What we do know, or can usefully conjecture, forms the basis of a more sober if no less damning indictment of Koch—which is that the particular way in which Koch was closeted shaped his halting, seemingly indifferent reaction to the epidemic. Unlike the coy posture he adopted later in life, Koch didn’t just refuse to answer questions about his sexuality during his years in office. He aggressively—if unsuccessfully—attempted to eliminate any whiff of homosexuality from his profile. If Kirby Dick’s documentary Outrage is to be believed, Koch had a long-term relationship with a man named Dick Nathan, but broke it off before his first mayoral race (this account comes from David Rothenberg, whom Koch appointed NYC’s human rights commissioner). Nathan moved to Los Angeles (where he died of AIDS in the ’90s) and was conspicuously replaced by Bess Myerson, the first Jewish Miss America, as Koch’s beard. Koch also proclaimed himself a heterosexual in a 1989 radio show when he was running against David Dinkins, and generally took pains to distance himself from New York’s gay community.

Reading Randy Shilts’s account in And the Band Played On, it’s impossible not to conclude that Koch’s personal paranoia came to determine his policy response to AIDS. According to Shilts, Koch “warmly embraced requests that cost the city nothing,” but routinely rejected any requests—for housing for people with AIDS, for a health center in Greenwich Village, for hospice space—that came with a price tag. Koch, Shilts writes, wanted to avoid the perception that gays would get “special treatment” in his administration. The result is that “for the next two years, AIDS policy in New York would be little more than a laundry list of unmet challenges, unheeded pleas, and programs not undertaken.” “All the ingredients for a successful battle against the epidemic existed in New York City” concludes Shilts, “except for one: leadership.”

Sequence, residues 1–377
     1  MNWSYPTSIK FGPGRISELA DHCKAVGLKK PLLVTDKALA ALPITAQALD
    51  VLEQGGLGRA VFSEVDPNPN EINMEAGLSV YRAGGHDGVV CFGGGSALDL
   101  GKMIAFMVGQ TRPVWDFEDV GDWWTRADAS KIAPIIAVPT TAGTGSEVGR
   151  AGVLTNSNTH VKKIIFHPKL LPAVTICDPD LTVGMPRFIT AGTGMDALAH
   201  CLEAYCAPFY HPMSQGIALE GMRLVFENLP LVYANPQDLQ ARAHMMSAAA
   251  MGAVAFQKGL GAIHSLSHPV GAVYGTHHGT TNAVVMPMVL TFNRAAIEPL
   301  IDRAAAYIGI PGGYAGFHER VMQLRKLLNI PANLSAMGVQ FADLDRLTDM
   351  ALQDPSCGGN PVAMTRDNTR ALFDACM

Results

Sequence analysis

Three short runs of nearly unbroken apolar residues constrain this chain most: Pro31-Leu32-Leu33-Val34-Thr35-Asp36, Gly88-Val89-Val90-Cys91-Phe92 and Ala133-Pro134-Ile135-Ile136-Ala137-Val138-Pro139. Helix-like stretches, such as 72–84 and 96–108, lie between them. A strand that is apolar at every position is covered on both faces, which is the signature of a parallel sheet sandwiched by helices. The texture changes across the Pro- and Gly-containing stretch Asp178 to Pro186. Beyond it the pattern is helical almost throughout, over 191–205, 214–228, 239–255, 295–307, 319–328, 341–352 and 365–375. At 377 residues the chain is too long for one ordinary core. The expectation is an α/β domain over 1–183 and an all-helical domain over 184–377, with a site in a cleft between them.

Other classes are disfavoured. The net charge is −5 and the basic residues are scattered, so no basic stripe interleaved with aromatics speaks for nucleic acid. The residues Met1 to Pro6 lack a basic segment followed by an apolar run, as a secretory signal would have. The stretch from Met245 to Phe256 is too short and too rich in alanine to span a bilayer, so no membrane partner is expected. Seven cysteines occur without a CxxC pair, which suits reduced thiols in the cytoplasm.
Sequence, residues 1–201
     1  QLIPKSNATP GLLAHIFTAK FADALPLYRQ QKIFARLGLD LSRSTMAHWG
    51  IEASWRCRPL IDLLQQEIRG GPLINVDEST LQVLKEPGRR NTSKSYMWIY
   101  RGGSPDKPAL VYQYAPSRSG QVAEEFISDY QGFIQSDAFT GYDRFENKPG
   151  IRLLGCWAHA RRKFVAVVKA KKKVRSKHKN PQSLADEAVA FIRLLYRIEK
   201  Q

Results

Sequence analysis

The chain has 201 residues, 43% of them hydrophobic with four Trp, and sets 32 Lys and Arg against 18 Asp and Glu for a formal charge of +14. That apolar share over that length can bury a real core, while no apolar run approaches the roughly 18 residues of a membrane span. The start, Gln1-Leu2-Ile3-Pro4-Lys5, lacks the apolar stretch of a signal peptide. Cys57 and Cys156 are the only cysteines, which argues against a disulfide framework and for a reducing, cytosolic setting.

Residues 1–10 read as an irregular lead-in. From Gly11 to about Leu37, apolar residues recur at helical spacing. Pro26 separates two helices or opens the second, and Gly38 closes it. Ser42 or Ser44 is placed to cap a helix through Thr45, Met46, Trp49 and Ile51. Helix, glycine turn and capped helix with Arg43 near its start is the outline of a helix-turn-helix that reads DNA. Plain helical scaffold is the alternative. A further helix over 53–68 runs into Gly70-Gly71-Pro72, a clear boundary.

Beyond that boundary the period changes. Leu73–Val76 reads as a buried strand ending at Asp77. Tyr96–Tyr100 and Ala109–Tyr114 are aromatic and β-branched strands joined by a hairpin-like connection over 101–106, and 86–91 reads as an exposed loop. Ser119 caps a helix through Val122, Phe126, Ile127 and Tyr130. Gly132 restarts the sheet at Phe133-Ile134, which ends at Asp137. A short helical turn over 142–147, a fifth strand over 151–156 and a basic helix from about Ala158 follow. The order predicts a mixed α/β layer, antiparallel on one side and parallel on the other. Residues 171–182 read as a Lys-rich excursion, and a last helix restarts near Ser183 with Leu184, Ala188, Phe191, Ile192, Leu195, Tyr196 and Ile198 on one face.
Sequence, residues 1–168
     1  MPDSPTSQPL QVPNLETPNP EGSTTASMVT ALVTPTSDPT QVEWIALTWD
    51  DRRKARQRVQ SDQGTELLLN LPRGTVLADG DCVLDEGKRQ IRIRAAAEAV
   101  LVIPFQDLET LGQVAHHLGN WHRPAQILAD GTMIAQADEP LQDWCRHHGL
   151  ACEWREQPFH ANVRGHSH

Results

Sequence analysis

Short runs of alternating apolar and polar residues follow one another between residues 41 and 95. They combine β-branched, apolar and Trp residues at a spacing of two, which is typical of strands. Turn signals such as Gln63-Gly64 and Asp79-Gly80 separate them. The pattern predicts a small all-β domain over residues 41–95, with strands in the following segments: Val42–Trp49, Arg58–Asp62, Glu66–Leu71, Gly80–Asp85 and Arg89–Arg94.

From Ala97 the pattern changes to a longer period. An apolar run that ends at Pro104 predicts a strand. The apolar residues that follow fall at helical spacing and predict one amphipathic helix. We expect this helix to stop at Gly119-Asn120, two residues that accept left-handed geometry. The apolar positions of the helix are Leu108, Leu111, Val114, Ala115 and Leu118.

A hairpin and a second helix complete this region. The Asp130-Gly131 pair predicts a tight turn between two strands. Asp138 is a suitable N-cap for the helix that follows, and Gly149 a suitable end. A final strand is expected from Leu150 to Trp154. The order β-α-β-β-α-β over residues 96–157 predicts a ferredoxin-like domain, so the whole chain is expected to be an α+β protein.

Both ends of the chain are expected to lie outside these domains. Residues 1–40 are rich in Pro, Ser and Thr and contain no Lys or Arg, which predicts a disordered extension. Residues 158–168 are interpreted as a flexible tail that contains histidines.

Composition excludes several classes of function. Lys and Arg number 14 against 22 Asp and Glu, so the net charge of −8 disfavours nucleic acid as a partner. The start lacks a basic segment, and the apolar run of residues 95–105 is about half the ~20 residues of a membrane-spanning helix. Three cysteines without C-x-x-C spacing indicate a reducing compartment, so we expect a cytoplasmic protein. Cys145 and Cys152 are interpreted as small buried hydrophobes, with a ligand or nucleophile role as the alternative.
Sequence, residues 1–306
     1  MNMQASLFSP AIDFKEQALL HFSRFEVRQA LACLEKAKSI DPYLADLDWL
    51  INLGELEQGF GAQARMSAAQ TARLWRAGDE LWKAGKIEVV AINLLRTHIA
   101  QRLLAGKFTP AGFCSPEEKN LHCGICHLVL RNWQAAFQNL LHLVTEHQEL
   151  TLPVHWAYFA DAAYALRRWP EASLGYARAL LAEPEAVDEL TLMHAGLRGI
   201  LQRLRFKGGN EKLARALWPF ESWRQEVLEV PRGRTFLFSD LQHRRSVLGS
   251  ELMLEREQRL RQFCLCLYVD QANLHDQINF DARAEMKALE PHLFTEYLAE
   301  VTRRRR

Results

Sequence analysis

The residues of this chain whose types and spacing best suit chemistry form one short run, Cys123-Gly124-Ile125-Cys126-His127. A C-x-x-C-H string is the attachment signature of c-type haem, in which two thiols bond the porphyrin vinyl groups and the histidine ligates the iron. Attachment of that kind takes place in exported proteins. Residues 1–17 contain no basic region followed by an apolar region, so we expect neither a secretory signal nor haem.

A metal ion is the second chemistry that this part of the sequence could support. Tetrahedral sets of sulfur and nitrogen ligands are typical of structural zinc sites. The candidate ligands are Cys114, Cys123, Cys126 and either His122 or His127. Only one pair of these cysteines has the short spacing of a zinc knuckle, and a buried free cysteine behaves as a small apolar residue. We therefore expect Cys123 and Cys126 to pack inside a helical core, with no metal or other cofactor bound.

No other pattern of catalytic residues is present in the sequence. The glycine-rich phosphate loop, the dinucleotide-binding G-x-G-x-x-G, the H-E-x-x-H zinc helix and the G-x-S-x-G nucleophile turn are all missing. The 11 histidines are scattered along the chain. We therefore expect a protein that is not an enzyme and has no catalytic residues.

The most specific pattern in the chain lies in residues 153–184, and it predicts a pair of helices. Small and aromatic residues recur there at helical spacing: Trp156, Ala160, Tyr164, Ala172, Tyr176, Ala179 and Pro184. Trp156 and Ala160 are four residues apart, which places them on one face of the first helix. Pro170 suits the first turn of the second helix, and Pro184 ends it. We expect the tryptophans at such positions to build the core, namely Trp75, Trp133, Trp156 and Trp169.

As David France, the director of the Oscar-nominated documentary How to Survive a Plague points out, by January 1984, New York City under Koch’s leadership had spent a total of just $24,500 on AIDS (full disclosure: the producer of HTSAP is my partner, Howard Gertler). That same year, San Francisco, a city one-tenth the size of New York, spent $4.3 million, a figure that grew to over $10 million annually by 1987.

The mayor of San Francisco during those years was Dianne Feinstein, who like Koch was no radical. She came from the centrist coalition that included Dan White, the city supervisor who murdered Supervisor Harvey Milk and Mayor George Moscone, whose office Feinstein assumed in the wake. Like Koch, she had a troubled relationship with the gay community (she infamously vetoed a domestic partnership bill in 1983). And like Koch, she was, above all, a political opportunist with national ambitions who happened to live in a liberal city with a large, politically active gay population. But she was straight, and—paradoxically—that made a difference in how those two cities treated people with AIDS in those formative years.

Ed Koch might not have been in a position to accelerate antiretroviral drug development or slow the transmission of HIV on a national scale, but he definitely could have made the lives of thousands of people with AIDS in New York City a whole lot more humane, which might also have extended some of those lives until an effective treatment was available. That he has blood on his hands seems likely. That he is guilty of the curious combination of paranoia, myopia, self-interest and callousness that so often attaches to closeted public officials seems undeniable. Would the fight against AIDS been helped had Ed Koch come out of the closet? Possibly. But it definitely would have been better had he just been straight.

God bless his surely weary soul. I won’t.